It Looks Like Fast-Food Workers in New York City Could Get a Big Raise in 2018

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NEW YORK, NY - DECEMBER 04:  Protesters march through the streets demanding a raise on the minimum wage to $15 per hour on December 4, 2014 in New York, United States. The movement, driven largely by fast food workers, has risen in prominence in the past year; today's protests were also joined by demonstrators angry at the Grand jury verdict to not indict the police officer who killed Eric Garner in July, 2014.  (Photo by Andrew Burton/Getty Images)
Photo: Andrew Burton/Getty Images

A New York wage board tasked with studying the fast-food industry unanimously voted to recommend raising the minimum wage to $15 on Wednesday. Governor Andrew Cuomo has said that his labor commissioner would give a thumbs-up to the panel’s decision, although minor changes could happen.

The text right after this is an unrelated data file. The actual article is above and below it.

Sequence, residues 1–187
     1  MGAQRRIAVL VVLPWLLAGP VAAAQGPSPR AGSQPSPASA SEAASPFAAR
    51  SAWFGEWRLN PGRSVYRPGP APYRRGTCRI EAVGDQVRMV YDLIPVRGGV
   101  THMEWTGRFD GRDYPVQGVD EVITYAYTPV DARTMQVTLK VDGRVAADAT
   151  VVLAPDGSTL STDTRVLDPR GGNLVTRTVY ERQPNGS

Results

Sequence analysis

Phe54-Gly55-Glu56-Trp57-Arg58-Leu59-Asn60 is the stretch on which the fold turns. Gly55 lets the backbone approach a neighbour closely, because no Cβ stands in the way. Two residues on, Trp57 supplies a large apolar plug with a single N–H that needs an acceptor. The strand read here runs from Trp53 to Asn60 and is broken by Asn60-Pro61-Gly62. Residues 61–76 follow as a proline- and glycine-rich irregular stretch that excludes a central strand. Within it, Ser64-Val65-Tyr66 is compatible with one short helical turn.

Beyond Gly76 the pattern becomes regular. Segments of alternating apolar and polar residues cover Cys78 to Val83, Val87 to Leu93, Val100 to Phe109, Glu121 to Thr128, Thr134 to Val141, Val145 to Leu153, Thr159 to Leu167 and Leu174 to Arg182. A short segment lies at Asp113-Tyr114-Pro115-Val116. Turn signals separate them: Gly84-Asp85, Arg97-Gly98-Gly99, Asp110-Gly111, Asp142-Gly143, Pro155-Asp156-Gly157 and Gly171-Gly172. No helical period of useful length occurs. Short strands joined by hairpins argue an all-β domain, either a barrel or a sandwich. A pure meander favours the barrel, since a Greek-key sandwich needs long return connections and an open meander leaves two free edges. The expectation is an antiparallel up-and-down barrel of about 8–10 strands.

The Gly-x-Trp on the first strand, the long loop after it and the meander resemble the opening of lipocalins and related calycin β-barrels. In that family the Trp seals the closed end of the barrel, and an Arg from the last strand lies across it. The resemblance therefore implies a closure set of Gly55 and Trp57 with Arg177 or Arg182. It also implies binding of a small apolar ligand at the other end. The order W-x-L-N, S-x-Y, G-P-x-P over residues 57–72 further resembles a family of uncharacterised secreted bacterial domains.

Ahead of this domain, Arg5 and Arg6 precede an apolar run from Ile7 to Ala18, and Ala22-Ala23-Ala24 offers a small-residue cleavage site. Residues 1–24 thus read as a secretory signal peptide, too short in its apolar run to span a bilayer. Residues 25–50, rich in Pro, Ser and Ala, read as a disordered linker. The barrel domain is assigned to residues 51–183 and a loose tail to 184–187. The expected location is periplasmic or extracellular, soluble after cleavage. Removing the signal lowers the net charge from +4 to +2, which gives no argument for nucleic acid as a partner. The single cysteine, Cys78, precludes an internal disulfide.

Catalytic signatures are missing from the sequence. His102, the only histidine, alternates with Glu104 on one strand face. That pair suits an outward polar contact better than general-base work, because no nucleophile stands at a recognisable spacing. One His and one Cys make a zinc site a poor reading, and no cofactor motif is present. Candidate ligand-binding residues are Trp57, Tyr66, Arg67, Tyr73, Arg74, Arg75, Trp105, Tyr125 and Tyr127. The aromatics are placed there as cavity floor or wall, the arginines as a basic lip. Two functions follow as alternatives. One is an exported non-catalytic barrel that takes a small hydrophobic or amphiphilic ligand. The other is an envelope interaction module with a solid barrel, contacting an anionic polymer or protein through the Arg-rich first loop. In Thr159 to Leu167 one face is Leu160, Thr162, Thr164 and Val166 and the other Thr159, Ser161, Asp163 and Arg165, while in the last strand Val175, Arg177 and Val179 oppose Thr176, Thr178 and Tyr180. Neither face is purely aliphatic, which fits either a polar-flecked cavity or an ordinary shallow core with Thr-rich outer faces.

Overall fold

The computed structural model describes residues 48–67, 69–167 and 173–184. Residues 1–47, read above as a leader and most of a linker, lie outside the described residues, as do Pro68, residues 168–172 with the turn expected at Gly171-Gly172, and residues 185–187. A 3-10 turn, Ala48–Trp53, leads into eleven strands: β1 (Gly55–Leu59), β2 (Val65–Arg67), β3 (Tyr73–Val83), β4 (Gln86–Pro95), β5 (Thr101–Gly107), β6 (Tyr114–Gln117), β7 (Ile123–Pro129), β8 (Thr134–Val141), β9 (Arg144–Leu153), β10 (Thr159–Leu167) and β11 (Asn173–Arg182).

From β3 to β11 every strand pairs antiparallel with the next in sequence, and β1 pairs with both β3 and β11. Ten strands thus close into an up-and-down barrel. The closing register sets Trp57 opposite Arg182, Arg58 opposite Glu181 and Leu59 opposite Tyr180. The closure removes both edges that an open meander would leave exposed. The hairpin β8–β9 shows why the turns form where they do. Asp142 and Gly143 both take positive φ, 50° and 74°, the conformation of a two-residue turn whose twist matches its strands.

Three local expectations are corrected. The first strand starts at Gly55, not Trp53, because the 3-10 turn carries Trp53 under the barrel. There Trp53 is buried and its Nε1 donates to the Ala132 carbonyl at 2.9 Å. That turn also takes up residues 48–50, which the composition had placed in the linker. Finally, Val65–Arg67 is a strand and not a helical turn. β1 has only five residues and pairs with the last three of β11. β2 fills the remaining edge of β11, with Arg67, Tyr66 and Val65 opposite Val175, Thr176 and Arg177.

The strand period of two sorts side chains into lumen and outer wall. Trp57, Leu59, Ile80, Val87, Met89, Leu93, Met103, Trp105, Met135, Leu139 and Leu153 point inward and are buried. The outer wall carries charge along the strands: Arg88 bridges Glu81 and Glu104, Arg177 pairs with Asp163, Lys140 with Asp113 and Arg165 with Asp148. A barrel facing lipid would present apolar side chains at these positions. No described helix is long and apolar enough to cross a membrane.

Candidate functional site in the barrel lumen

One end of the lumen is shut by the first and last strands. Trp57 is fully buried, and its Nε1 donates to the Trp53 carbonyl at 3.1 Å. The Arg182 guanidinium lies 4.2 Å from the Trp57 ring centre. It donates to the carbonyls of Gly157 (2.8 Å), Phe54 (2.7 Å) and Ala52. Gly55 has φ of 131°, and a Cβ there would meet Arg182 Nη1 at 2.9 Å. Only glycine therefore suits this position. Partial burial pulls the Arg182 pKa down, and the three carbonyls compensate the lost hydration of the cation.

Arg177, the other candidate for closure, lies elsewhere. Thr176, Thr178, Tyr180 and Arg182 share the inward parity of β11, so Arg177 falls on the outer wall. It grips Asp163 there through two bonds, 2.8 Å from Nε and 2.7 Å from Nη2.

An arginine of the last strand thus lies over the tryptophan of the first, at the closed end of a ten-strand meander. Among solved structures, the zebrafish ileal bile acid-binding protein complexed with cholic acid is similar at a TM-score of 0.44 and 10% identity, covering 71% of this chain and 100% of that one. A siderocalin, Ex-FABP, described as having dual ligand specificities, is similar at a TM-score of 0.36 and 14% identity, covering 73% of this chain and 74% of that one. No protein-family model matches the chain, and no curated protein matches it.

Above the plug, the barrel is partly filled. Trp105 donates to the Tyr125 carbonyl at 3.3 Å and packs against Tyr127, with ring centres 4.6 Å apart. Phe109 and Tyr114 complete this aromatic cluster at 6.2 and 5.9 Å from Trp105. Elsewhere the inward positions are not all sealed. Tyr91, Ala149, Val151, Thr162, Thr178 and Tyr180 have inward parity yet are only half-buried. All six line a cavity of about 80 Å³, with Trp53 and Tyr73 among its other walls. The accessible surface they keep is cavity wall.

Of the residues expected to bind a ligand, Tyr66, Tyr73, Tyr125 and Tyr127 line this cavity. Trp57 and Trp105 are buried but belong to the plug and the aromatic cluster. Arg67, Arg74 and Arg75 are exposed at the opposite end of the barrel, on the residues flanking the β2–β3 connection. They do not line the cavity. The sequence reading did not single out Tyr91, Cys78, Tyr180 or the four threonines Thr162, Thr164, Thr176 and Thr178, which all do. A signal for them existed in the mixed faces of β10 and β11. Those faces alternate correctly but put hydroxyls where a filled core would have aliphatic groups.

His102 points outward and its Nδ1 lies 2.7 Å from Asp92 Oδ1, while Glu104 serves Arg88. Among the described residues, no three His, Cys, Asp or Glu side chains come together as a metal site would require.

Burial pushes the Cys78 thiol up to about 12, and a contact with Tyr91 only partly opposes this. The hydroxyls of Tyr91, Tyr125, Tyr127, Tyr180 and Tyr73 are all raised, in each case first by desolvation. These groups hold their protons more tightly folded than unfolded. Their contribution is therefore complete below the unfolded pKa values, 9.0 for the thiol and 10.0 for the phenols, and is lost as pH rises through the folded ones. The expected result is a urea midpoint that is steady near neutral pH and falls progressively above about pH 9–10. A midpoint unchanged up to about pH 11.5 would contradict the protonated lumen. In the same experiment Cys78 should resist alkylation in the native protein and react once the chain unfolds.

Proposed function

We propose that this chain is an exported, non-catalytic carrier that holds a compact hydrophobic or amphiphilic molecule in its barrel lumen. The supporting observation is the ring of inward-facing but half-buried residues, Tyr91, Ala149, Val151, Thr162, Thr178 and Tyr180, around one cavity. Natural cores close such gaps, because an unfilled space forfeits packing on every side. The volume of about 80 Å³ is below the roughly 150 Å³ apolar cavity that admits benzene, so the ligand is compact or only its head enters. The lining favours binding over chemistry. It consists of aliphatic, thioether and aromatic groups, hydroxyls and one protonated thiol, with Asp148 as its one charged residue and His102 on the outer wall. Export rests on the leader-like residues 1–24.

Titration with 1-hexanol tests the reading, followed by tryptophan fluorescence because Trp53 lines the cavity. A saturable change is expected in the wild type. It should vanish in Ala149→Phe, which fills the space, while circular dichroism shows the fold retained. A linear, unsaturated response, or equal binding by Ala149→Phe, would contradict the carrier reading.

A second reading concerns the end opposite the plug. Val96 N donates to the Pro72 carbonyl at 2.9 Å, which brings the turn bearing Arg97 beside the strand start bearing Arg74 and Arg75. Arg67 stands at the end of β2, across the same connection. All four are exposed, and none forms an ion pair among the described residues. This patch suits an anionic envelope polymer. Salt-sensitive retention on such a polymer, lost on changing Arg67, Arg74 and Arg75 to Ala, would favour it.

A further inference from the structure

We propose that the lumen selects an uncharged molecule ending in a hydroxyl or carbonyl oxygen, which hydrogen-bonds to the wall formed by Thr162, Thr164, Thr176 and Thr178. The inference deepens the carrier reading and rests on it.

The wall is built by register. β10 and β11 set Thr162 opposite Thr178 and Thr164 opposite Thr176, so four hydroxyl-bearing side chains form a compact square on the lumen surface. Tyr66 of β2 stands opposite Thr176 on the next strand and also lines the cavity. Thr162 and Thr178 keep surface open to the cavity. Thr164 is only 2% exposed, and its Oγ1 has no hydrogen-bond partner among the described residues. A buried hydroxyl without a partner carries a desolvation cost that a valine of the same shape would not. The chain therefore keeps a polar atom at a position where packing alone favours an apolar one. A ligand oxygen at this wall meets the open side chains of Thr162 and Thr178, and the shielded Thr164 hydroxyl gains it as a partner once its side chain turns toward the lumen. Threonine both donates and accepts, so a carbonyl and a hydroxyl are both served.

Cuomo appointed the board to look into the matter in May after labor protests in New York kept growing bigger and bigger the past few years; it was clear that Albany legislators weren’t going to raise the minimum wage significantly anytime soon, so he tried another strategy.

Fast-food restaurants with more than 30 locations would need to pay workers $15 by 2018; the change will apply to the whole state, according to the panel’s recommendation, by 2021. The current minimum wage in New York is $8.75. Several other cities have raised the minimum wage in the past few years — Seattle, San Francisco, and Los Angeles. The fast-food industry isn’t too pleased that it has been singled out; the New York State Restaurant Association released a statement predicting doom after the news was announced. “Since the Governor used a process that rejects compromise the result is an extremist policy that will force business owners in this low profit margin industry to cut hours, lay off employees and use technology to help offset skyrocketing labor costs.”

The Working Families Party was a bit more excited.